Deadmau5 jumps right in with "Sometimes Things Get, Whatever" off his new album Random Album Title. Low, mean, crunchy, and mechanically cold, the spooky mood matches his new mau5 head perfectly. It's all a lot darker and heavier than the studio recordings available on his MySpace page. As with a lot of music, Deadmau5 is better live. It's the full experience. Something about the personality and attitude he infuses into his songs makes him seem more genuine, more real. Carefully crafting his sonic landscape, Deadmau5 elicits something primal in the human spirit, the same force which compels a person to stomp their feet in time the beat of a drum, a force that almost certainly dates back to the dawn on the human species. And boy, do the people dance. The scene is very much like that part in the Matrix: Reloaded (the second one) where everyone in Zion is dancing in some kind of crazy, psycho-sexual orgy, only in our case, without the fire, and without the immediate threat of death-by-robot.
The crowd seethes in time with the music, lots of people are rolling hard, making out and touching each other like high school kids, and some of them are in fact high school kids. Those not intoxicated on the bad stuff are intoxicated by the music, sinking deeper into a frenetic trance. There is something particularly primal about house music, a beautiful contrast to the otherwise post-modern synthesis of machinery and the organic mind. When they get inside you and rumble your whole chest, the heavy beats could almost substitute for your heartbeat, should that feature of your being go out on you for some reason. Occasionally Deadmau5 cuts out the beats altogether, and goes all trancey for a minute or two, building tension and releasing it with a torrent of new drive and energy.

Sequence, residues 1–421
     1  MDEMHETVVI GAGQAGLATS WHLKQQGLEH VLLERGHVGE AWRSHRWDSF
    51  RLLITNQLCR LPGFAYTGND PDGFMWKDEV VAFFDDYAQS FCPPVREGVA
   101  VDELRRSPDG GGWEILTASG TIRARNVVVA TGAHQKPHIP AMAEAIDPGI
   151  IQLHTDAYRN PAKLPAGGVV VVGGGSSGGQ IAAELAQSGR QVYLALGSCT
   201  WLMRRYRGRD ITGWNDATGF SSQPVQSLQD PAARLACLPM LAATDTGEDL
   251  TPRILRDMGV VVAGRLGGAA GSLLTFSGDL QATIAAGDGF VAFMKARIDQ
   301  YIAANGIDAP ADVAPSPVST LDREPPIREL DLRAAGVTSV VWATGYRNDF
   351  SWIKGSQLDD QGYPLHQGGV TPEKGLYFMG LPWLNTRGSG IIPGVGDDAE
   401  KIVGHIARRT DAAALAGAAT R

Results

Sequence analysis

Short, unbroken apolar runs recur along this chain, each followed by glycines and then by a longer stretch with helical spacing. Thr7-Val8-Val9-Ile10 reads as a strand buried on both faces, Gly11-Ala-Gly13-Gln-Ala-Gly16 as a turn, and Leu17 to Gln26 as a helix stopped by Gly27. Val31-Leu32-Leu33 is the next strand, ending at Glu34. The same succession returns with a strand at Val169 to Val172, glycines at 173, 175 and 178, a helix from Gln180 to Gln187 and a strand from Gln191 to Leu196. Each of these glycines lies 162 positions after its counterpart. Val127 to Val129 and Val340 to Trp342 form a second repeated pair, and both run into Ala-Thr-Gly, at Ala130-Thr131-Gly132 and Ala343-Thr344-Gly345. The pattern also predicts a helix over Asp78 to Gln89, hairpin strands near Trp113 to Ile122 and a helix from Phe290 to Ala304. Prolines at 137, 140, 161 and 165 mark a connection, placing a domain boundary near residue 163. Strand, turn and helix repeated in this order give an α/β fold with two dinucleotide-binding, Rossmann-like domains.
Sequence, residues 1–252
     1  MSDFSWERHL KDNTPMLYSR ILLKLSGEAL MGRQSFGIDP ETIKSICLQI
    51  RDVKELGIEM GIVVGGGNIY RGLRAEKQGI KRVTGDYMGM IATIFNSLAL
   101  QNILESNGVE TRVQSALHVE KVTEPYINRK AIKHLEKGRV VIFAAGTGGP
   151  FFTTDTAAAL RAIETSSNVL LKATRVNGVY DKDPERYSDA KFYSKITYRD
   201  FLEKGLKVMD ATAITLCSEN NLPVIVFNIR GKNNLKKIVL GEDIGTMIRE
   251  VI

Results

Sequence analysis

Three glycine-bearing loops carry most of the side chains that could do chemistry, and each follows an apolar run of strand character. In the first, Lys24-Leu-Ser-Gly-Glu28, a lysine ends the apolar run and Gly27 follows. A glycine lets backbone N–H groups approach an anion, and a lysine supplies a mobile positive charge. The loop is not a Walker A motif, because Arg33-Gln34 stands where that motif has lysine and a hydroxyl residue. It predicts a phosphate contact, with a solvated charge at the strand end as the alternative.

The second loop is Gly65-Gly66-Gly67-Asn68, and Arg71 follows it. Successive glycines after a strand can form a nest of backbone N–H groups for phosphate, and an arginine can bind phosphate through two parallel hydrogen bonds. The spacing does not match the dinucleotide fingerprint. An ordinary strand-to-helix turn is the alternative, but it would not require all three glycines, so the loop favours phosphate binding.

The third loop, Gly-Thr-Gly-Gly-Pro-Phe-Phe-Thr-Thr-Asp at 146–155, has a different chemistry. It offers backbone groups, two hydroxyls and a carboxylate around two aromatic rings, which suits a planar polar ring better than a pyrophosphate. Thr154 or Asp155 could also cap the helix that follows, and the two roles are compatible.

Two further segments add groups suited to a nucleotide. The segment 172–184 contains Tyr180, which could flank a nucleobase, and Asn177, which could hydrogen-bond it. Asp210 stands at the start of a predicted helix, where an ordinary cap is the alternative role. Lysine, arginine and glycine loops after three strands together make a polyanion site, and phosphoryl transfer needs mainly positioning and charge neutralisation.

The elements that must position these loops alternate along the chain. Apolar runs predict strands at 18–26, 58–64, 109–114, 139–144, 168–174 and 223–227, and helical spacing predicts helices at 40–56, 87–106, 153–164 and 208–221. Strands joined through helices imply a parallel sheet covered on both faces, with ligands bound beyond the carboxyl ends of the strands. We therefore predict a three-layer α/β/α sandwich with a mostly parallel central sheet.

After a while Deadmau5 has to remove the mau5 head, fanning his face and mouthing the words "it gets sooooo hot in there!" to the crowd. Over the course of the next three hours, he takes the mau5 head on and off five or six times, giving himself a chance to breathe now and then. People love the giant mau5 head, and go wild every time he puts it back on. Deadmau5 gets into it too, jumping around, and animatedly turning to look in all directions, his giant round ears cutting huge circles through the air. He drinks Corona in huge gulps to keep cool, and is all smiles in spite of the heat. How could you not smile, controlling an entire room full of people, feeding them out of the palm of your electronic hand? This is his party.
A song ends and the Super Mario Bros. music plays. It was the sad, "you just died and have to start over" music, not the "I just ate a gold star and can run through anything" music, or the "I just made it to the black part at the edge of the screen and that means I won" music. Deadmau5 shrugs, smiles and waves, and walks off stage. The crowd is screaming for more, chanting and clapping. After a few minutes, Deadmau5 reemerges for one last roller coaster of a song before he leaves for good. The crowd clears out eventually and suddenly I'm back on the planet earth, back in my own world and out of the world Deadmau5 created in the theatre.